Archive for April, 2013

Two from Hand of God

Since our first serious encounter with Argentine wine back in 2003, I’ve maintained the somewhat tongue-in-cheek, but perfectly arguable stance that beef and Malbec are the unofficial national food and drink of that country. The two complement each other about as well as any pairing one might imagine, as we’ve seen (and tasted) again and again in the ensuing years.

We rarely eat beef anymore, because of our changing dietary habits. We avoid giving any support to factory farms, for health, environmental and animal cruelty concerns, and when we do consume the flesh of four-footed mammals, it’s usually in the form of Kim’s pork projects or pasture-raised, grass fed lamb.

We also don’t drink much wine from Argentina these days, either, not because they aren’t making high-quality juice down there, but for the same money, or less, our preferences come from southern France. Mostly different grape varieties, true, but those are what we like, and we tend to stick with them. Still, we are always happy to see what they’re producing in South America when we get the chance, and such was the case a few weeks ago.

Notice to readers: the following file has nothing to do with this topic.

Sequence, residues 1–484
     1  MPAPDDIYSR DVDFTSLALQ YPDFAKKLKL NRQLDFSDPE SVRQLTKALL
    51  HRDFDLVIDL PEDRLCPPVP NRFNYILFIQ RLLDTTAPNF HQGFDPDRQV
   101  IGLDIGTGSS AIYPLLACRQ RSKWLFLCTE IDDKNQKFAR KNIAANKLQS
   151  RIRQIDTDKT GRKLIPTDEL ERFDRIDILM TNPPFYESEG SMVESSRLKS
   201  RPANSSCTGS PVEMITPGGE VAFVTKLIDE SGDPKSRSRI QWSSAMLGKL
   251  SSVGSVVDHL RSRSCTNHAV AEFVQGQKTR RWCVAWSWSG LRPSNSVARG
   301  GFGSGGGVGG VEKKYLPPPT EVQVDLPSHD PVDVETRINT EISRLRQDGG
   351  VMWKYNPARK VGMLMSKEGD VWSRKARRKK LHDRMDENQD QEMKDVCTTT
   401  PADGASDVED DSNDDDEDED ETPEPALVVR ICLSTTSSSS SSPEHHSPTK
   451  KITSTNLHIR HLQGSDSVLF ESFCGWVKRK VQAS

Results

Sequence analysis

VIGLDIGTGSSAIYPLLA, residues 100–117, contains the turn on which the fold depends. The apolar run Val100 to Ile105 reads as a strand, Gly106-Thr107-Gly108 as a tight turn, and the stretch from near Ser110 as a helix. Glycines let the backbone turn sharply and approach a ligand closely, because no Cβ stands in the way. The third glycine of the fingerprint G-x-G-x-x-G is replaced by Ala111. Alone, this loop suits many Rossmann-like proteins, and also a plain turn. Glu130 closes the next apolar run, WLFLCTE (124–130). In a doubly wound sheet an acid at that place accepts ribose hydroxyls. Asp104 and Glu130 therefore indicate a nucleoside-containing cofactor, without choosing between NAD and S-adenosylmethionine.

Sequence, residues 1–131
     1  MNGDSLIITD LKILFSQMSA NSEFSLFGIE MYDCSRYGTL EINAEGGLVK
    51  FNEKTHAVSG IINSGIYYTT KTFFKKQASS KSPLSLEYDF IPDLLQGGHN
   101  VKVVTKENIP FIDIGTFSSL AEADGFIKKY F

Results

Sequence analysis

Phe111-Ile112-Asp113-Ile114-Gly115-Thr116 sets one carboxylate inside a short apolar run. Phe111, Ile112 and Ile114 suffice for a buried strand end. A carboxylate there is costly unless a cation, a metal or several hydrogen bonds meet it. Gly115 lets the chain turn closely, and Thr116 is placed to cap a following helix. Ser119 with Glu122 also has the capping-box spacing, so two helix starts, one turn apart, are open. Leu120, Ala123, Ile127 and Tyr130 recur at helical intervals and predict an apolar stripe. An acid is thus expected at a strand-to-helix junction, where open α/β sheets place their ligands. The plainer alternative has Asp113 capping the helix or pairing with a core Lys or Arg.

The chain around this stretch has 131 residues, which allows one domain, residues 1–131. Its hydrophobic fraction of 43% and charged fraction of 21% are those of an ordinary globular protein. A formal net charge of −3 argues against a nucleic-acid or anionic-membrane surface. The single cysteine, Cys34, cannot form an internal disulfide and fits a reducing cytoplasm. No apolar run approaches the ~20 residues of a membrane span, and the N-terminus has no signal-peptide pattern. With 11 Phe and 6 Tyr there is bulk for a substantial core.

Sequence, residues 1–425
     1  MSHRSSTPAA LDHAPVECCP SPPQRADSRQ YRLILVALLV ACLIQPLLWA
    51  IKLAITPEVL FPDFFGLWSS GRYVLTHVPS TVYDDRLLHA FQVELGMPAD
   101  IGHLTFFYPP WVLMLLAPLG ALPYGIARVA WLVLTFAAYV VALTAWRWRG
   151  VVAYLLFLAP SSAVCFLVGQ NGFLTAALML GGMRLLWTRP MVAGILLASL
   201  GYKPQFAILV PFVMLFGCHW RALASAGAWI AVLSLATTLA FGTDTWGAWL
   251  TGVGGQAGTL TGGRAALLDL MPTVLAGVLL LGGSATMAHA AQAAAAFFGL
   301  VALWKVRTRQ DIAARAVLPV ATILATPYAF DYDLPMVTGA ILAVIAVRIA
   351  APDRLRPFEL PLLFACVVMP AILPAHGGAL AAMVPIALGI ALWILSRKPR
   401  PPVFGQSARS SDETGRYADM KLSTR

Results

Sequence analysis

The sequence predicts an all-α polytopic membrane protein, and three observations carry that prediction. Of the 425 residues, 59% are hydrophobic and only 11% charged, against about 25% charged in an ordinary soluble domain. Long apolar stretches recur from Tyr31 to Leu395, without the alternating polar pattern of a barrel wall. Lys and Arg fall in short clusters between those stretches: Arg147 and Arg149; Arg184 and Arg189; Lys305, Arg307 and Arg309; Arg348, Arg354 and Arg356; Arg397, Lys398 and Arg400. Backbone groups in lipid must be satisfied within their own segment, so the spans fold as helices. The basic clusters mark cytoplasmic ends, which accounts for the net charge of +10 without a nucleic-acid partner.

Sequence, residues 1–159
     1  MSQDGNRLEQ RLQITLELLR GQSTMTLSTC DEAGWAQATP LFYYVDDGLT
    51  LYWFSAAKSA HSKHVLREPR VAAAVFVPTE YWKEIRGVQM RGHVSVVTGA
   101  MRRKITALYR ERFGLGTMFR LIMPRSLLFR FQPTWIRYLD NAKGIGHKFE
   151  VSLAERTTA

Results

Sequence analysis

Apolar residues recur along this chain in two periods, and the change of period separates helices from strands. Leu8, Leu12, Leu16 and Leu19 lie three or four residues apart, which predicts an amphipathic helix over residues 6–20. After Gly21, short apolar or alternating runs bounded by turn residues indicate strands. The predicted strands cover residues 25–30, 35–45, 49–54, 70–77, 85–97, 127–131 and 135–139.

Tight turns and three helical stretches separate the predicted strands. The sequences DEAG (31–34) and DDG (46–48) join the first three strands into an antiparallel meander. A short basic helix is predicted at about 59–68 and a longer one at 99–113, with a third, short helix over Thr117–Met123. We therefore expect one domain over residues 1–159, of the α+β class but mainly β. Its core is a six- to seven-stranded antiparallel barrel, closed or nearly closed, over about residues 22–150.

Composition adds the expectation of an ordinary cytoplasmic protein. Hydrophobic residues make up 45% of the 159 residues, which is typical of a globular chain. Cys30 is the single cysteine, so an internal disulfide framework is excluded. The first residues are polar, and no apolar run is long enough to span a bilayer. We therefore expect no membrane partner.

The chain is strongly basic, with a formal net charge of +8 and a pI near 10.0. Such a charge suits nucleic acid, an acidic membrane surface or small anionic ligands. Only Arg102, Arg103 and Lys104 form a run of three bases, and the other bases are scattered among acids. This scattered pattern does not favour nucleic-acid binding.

We’d never heard of Hand of God Wines before we tried these two, but it’s obvious that they have some seriously good things going for them. Hand of God is a collaboration between American venture-capital entrepreneur Jon Staenberg and Argentine winemaker Santiago Achával, better known for his highly acclaimed Achaval-Ferrer winery in Mendoza. The two selections we sampled for review were sourced from the two estate vineyards, Stolen Horse Vineyard, planted in the 1920s in the Cruz de Piedra area of the Maipú region, and Sobremesa Vineyard, established in 2007 in Valle de Uco. Stolen Horse consists of 8 acres of old vine Malbec, while Sobremesa is planted to more than 47 acres of Malbec, Merlot, Cabernet Franc, Viognier, Roussanne, Marsanne and Sauvignon Blanc. (A white blend of 35% Viognier, 35% Marsanne and 30% Roussanne, 2011 Fingerprint Series Único, is yet to be released.) Both the new and the old world techniques are used to produce the wines; the vineyards are still plowed by horse, even though tractors could do the job more quickly.

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Tasty Wines from Bonny Doon

We’ve been fans of Bonny Doon wines since well before I interviewed head honcho Randall Grahm back in 2005, so much so, that we’ve kept track of what they’re producing over the ensuing years and reported accordingly on several occasions. (The cyber-trail going backwards starts here.) I’ve even gone so far as to write Bonny Doon into one of my songs, “I’m Getting’ Squirrelly in My Old Age,” so we were quite geeked when we received a box containing several of the Doon’s recent releases not long ago, including some things not available through normal retail outlets. Read on for the full rundown on our impressions, starting with a couple of nice whites, and including pertinent comments by Randall following each note.